Avatar: The Last Airbender‘s successor story, Avatar: The Legend of Korra, featured a few queer characters and romances, including, of course, between its main characters, Korra and Asami. But the earlier tale of The Last Airbender offered no representation in this arena. And so, going into Avatar: The Last Airbender‘s live-action series, the franchise’s many queer fans hoped they might see a little bit more queerness depicted in this take on the story. And happily, although brief, Netflix’s Avatar adaptation does bring some queerness to the table. In fact, it makes the origin story of an entire group of benders overtly queer. While this flash of queerness isn’t necessarily enough for the long term, it is done in a beautiful way that threads queerness into the very bedrock of Avatar‘s world. And so, we’ll celebrate it!

Spoiler Alert

Let’s take a look at how Avatar: The Last Airbender‘s live-action adaptation made the origin story of earthbending into a queer myth.


“Secret tunnel! Secret tunnel!” We know this Avatar: The Last Airbender earworm, we love it, and it’s now officially a queer lady anthem. (Which, honestly, makes it kind of that much more amazing. But we won’t go into that too much here.) In the fourth episode of the Avatar: The Last Airbender live-action, Sokka and Katara encounter a group of nomadic, hippie earthbenders playing some tunes outside the tunnels of Omashu. Franchise fans will recognize the scenario from the second-season cartoon episode “The Cave of Two Lovers.” Pausing in their singing, the earthbenders offer Katara and Sokka some insight into the tunnels’ history.

To explain how the tunnels came to be, the hippies tell the myth of Oma and Shu, the first earthbenders. Oma and Shu, they share, were two lovers from enemy villages who learned earthbending from the badgermoles in order to create a place where they could share their love. However, one day, Oma did not come to meet Shu in their tunnels; she had been killed in an attack. In devastation, Shu wielded her great earthbending powers, bringing both villages to their knees. But instead of striking against them, she declared the war over. The two villages came together in peace and built Omashu as a monument to Oma and Shu’s great love. But hey, did you catch that? Yes. Unlike in the Avatar: The Last Airbender cartoon, Oma and Shu are two ladies this time, and that makes the myth of the first earthbenders a queer one.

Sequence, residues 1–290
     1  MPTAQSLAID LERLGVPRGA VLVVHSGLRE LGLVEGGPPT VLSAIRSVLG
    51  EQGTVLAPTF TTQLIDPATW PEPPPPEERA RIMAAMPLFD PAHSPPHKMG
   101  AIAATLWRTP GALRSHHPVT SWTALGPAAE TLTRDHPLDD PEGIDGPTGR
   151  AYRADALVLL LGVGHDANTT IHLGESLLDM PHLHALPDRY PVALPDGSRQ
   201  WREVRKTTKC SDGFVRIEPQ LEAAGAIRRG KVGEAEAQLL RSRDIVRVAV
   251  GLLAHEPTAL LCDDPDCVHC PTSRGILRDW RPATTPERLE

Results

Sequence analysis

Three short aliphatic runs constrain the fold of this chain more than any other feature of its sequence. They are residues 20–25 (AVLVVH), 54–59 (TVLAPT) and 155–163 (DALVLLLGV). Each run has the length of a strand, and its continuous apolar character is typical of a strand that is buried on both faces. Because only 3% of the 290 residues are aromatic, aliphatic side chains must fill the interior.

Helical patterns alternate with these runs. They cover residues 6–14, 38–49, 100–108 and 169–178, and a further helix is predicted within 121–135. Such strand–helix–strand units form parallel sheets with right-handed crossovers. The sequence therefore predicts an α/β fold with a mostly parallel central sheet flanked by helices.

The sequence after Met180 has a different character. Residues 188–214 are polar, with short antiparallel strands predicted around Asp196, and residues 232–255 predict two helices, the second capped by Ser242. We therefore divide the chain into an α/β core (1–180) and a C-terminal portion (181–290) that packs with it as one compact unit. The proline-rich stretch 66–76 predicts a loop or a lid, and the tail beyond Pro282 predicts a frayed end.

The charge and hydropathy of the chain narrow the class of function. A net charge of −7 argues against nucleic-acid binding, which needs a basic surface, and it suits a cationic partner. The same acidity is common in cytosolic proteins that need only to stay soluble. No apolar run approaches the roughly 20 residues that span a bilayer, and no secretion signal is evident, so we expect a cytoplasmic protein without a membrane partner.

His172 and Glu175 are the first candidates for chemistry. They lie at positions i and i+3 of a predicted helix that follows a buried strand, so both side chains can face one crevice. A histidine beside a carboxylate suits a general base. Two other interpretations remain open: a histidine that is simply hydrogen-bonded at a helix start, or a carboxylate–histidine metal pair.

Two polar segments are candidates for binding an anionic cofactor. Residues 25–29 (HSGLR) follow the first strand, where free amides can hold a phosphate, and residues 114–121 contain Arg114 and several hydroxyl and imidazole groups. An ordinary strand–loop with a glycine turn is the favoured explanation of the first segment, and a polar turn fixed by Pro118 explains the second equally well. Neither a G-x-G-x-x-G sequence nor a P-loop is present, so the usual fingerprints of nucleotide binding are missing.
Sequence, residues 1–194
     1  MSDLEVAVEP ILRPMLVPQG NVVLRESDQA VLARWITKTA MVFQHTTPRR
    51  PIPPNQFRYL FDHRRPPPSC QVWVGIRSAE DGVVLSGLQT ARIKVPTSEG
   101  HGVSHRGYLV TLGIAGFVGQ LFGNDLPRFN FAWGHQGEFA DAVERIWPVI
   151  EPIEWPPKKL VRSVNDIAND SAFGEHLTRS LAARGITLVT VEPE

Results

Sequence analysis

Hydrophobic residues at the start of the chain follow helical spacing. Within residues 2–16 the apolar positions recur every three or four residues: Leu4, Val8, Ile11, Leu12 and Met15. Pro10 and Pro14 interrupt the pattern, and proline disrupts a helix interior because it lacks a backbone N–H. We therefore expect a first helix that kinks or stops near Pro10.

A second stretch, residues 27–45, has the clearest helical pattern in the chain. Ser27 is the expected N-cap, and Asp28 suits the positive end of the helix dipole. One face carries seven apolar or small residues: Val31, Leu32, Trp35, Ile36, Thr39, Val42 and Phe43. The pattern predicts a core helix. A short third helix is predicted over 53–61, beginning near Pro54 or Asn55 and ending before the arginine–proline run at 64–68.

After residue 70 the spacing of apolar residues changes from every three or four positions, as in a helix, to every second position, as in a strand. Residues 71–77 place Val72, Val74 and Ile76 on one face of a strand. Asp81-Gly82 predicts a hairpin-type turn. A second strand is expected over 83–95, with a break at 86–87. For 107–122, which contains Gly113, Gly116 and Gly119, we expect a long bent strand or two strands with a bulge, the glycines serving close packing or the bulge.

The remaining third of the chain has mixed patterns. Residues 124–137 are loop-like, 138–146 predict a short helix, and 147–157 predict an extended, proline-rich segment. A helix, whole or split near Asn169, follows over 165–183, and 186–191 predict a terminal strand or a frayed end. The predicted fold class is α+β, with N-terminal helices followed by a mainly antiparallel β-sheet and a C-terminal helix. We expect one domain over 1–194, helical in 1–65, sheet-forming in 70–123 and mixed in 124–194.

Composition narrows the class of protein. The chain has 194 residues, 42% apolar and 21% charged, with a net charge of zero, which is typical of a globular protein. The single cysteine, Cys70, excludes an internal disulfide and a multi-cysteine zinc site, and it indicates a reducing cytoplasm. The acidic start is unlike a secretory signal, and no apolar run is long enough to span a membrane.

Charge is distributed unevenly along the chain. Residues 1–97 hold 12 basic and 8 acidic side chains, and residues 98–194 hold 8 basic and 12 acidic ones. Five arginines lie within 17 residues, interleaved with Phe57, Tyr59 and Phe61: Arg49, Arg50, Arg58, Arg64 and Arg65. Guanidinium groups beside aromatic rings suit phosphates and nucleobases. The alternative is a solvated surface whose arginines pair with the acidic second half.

Of course, Oma does die tragically in this story, which is a fate we never love for our queer characters and love stories. But what we do love is the ease with which queer love is embedded into the mythology of Avatar: The Last Airbender‘s world in the live-action. We now know that all earthbenders in the series get to have their bending thanks to the love of two queer women. It’s a pretty powerful thing. Lore and history carry great weight in this franchise in particular, so the alteration of one of its main myths to include queerness is a very welcome one.

Honestly, as a queer person watching the episodes, I did not expect a sudden queer love story to come upon me in Avatar: The Last Airbender‘s live-action. Hoped, yes, but I did not expect it. And then I literally rewound the tape three times to make sure I wasn’t hallucinating. The tale of Oma and Shu is depicted with such a poignant and beautiful hand; it really resonated with me. And the way in which the show shifted a previously straight narrative into a queer one without any fanfare is commendable. Diffuse queerness is an important aspect of normalizing the idea that queerness exists within these worlds. Also, while it is a short tale and doesn’t involve any main characters, it’s definitely not a blink-and-you-miss-it moment either.


Ultimately, turning the earthbenders’ origin story into a queer myth shows that the Avatar: The Last Airbender series has queerness in mind. I would say that for the span of the whole story, this little bit of queerness is insufficient. But for the first season of the show, I will gladly take it. Hopefully, the series and its creators understand that turning a main character queer is every bit as simple as turning Oma and Shu into queer ladies.


Zuko’s live-action actor Dallas Liu is already spreading the Zukka agenda (that’s Zuko/Sokka for the uninitiated), and that would make for an amazing twist in my book. Not to mention the character of Toph always felt very queer-coded in the cartoon. And as an earthbender, Toph would now have a beautiful queer history to follow, should she become a queer character in her own right. Of course, the Kyoshi Warriors are definitely not straight. All this to say, we’re so glad to see some queer efforts from the Avatar: The Last Airbender live-action series… And we very much look forward to seeing more.

Nerdist Editor Rotem Rusak has been a queer Avatar: The Last Airbender fan for nearly two decades. You can learn all about her love of Zuko’s story on Nerdist’s Laser Focus Podcast. She ships Zukka and is proud of it!